You may have read that people who quit smoking can eventually lower their risk of heart disease and stroke. Previous research suggested that it could take up to 15 years for smokers to reach the same risk level of non-smokers.
But a new study suggests that older people may lower their risk in an even shorter time. At the 2013 American Heart Association Scientific Sessions, researchers from University of Alabama at Birmingham’s School of Medicine shared findings showing that seniors who quit smoking lower their risk of cardiovascular disease-related death to the level of people who have never smoked in a median of eight years. “It’s good news,” said senior researcher Dr. Ali Ahmed. “Now there’s a chance for even less of a waiting period to get a cleaner bill of cardiovascular health.”
The timeline doesn’t look quite as good for other conditions, such as cancer and emphysema. But quitting does begin to lower the risk, right away. “Smoking is the most preventable cause of early death in America,” said Dr. Ahmed. “If you smoke, quit and quit early!”
Smoking not only raises the risk of death. It also lowers the quality of life. Smoking raises the risk of Alzheimer’s disease by 157 percent … increases muscle and joint pain in people with arthritis … and raises the risk of age-related macular degeneration, a leading cause of vision loss in older adults. Virtually all health conditions are worsened by smoking. And if quitting for health isn’t reason enough, think of how much money smokers save when they quit!
Confirming that tobacco use causes one in five deaths annually and is the top cause of preventable death and disability, the U.S. Agency for Healthcare Research and Quality (AHRQ) recently recommended the new www.BeTobaccoFree.gov website, which offers one-stop access to the latest information on tobacco-related topics—including evidence-based methods of quitting. AHRQ’s Dr. Carolyn Clancy shares the START Method:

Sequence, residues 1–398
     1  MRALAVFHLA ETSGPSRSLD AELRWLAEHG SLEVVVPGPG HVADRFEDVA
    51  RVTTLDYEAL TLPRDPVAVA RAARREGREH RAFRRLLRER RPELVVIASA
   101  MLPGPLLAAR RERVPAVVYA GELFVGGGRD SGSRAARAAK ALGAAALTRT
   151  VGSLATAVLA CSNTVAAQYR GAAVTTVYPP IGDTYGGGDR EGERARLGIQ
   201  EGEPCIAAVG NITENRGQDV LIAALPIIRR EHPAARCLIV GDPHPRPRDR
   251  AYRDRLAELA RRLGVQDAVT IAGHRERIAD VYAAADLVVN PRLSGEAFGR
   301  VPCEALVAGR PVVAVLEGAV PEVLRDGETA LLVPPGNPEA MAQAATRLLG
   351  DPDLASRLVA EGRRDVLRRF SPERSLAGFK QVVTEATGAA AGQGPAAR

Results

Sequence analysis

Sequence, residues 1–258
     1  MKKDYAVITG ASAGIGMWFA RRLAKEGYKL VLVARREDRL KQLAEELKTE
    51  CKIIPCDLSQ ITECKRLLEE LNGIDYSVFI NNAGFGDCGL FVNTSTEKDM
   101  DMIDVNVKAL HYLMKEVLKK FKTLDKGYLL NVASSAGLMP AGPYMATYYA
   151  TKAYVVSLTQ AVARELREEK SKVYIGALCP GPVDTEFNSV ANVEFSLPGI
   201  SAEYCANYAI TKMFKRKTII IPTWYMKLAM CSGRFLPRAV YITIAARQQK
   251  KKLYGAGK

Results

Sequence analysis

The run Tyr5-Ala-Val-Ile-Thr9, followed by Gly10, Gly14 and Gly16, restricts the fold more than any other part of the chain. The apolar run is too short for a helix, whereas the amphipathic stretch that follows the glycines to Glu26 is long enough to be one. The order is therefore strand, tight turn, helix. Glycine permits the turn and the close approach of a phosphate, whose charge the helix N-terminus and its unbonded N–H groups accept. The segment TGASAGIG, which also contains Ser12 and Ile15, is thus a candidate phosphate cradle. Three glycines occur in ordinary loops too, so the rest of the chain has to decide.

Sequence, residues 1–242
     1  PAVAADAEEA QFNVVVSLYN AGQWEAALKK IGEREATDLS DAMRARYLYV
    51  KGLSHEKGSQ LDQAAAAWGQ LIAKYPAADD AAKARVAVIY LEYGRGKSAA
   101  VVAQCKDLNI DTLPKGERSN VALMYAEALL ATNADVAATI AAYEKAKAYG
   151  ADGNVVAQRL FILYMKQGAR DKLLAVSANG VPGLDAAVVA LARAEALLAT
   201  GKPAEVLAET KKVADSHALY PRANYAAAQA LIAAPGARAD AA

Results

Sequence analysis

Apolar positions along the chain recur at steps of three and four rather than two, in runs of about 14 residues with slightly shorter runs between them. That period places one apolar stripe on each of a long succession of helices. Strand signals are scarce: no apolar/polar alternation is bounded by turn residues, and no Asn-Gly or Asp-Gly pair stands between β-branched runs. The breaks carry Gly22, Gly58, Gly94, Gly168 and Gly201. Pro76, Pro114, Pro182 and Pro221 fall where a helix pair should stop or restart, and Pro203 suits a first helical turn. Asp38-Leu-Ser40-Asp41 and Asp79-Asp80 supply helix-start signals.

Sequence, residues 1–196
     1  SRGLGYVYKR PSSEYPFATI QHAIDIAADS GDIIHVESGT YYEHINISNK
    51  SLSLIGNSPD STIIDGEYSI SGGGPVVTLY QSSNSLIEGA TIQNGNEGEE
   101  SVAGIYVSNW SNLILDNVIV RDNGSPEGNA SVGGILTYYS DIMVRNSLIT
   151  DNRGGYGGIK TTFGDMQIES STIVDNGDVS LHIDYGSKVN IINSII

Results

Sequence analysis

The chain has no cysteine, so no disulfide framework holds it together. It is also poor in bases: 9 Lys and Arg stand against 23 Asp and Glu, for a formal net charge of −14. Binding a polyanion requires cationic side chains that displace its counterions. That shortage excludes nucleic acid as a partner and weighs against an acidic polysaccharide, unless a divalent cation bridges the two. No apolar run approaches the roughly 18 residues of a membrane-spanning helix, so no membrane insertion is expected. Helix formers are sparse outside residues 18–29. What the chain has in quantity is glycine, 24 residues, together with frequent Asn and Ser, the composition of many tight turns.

START the process by:
S = Setting a quit date. Pick a date within the next two weeks. That gives you enough time to get ready, but not so much time that you lose your determination.
T = Telling others about your plan to quit. Quitting is easier to do with support from others. Tell family, friends, and co-workers how they can help you.
A = Anticipating the challenges you will face. Most people who return to smoking do it within the first three months. Be prepared for situations when you will be tempted to smoke, and plan for how you will deal with them.
R = Removing cigarettes from your home, car, and work. Getting rid of things that remind you of smoking will help you get ready to quit. Clean your car, get rid of lighters and ashtrays, and have your teeth cleaned to get rid of smoking stains.
T = Talking to your doctor about getting help to quit. Some people need help to manage the withdrawal from nicotine. Ask your health care provider if a medicine might help you. You can buy some of these medicines on your own, like the nicotine patch or nicotine gum. Others require a prescription.
Studies show that seniors are less likely than younger people to enter a smoking cessation program. But the good news is that when they do, they are more likely to be successful at kicking the habit.
Smoking Cessation Resources and Information
Medicare Part B now covers certain smoking and tobacco use cessation treatment and counseling. Visit the Medicare.gov website to learn more.
Visit Smokfree.gov for smoking cessation resources and information.
Source: Assisting Hands® in association with IlluminAge, © IlluminAge 2014